While native folk have been delegitimized historically as unscientific and irrational, today’s movers-and-shakers welcome hearing indigenous voices.
One compelling reason is that the Yup’ik and Navajo of North America, the Ogiek and the Mun of Africa, the Wichi and the Yanomami of South America, and the Sami of Finland have witnessed environmental change first-hand.
For indigenous people, environmental effects are personal.
And scientists, mathematicians, geologists, technologists, engineers, physicians and physicists want to know more.
Starting December 22, the international group called the IEEE—the Institute of Electrical and Electronics Engineers—is dedicating its online scientific journal to the topic of Indigenous Perspectives on Environmental Change.
The journal will devote four months to a stream of news items, personal narratives, feature stories and original research highlighting views of Indigenous peoples and stories about environmental change and native peoples.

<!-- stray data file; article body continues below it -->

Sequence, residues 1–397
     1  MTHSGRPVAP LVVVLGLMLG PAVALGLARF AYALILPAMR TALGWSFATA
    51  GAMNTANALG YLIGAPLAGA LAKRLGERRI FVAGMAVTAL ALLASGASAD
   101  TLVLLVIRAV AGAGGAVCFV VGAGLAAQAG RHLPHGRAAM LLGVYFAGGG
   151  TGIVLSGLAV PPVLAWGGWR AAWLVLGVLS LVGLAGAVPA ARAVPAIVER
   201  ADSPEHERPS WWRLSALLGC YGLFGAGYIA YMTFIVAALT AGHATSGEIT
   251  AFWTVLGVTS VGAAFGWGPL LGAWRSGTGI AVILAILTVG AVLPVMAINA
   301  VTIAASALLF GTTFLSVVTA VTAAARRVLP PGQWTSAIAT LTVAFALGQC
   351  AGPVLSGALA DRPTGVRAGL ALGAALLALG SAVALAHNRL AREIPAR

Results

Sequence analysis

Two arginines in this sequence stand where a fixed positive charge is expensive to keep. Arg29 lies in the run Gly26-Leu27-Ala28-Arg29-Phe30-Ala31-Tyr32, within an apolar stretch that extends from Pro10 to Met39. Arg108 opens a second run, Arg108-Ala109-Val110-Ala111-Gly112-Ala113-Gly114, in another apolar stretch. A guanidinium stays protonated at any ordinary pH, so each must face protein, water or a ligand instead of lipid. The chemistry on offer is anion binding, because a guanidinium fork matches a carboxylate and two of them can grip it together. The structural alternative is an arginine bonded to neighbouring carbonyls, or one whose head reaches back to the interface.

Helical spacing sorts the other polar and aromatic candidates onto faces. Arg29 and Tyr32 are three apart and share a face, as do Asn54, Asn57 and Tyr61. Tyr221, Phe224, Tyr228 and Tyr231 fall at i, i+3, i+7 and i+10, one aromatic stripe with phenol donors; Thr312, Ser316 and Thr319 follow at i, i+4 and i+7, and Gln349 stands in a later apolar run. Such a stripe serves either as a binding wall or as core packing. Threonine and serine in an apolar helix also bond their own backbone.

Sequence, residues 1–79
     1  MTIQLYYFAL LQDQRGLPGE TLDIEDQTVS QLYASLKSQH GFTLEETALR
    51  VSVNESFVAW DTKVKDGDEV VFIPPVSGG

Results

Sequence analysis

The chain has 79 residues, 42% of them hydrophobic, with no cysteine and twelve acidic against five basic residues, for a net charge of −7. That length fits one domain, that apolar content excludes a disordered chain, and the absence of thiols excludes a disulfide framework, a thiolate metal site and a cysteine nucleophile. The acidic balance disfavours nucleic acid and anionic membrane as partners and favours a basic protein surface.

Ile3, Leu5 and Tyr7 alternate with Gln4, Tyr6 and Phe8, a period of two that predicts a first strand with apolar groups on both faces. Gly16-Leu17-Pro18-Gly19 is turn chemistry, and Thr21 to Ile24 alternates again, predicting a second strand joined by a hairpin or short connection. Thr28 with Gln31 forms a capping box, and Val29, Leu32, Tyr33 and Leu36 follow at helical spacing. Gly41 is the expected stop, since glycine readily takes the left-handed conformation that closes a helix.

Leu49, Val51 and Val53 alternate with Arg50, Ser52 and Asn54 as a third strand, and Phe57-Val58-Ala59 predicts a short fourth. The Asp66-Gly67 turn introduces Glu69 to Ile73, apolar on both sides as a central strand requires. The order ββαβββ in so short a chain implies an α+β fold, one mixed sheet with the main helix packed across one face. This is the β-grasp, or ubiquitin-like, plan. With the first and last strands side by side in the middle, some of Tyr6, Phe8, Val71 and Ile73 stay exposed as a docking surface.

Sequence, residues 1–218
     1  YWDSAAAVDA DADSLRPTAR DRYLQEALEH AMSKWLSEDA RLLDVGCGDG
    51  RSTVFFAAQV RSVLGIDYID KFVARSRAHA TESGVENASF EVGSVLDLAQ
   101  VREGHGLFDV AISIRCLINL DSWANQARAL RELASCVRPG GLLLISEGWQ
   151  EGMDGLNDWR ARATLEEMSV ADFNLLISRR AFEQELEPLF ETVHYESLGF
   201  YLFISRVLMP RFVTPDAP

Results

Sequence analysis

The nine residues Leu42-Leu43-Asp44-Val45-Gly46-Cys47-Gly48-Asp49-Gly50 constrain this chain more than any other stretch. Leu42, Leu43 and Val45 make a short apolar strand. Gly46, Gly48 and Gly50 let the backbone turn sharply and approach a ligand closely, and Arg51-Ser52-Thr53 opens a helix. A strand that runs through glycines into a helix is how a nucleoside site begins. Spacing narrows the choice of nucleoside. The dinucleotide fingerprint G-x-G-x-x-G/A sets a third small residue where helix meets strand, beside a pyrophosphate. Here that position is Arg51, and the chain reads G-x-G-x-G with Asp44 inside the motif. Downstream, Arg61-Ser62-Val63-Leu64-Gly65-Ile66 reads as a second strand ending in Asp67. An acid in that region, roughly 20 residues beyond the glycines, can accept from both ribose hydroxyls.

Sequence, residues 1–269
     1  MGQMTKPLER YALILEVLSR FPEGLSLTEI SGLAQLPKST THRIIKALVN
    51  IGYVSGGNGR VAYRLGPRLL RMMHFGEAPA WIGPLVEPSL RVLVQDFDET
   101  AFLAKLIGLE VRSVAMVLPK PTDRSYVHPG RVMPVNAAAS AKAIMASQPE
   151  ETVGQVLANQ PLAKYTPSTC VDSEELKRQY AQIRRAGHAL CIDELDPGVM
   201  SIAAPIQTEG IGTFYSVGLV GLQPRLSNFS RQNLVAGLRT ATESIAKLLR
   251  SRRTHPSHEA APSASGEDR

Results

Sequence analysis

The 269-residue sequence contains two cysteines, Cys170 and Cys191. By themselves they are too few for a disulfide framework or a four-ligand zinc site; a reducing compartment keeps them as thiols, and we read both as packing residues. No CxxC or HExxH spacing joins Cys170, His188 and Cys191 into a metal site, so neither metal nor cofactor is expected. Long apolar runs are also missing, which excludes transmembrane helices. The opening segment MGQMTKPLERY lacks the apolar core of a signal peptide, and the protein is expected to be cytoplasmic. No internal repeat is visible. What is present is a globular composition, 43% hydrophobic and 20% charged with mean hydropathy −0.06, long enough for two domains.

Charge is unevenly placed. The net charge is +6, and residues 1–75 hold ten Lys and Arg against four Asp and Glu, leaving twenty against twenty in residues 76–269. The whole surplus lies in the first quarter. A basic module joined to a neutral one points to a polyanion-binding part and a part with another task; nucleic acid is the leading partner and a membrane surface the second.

I’ve been asked to be guest editor for the journal and invite you to send me your ideas and pass along the invitation to your friends and colleagues who are engaged in this arena.
The publication is called Earthzine.org
Take a look, drop me an email and let me know if you’d like to see the Call for Papers.
The publication reaches a world-wide audience.
Blog #20 for Native American Heritage Month
Photograph of a Yanomami tribal member, courtesy of the Australian government http://50years.aiatsis.gov.au/